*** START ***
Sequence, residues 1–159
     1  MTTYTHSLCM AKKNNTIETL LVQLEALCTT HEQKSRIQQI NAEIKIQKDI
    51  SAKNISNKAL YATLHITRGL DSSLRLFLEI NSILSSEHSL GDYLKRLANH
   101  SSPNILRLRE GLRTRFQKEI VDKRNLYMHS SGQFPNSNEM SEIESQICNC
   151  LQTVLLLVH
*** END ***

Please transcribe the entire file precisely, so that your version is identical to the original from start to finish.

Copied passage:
Sequence, residues 1–159
     1  MTTYTHSLCM AKKNNTIETL LVQLEALCTT HEQKSRIQQI NAEIKIQKDI
    51  SAKNISNKAL YATLHITRGL DSSLRLFLEI NSILSSEHSL GDYLKRLANH
   101  SSPNILRLRE GLRTRFQKEI VDKRNLYMHS SGQFPNSNEM SEIESQICNC
   151  LQTVLLLVH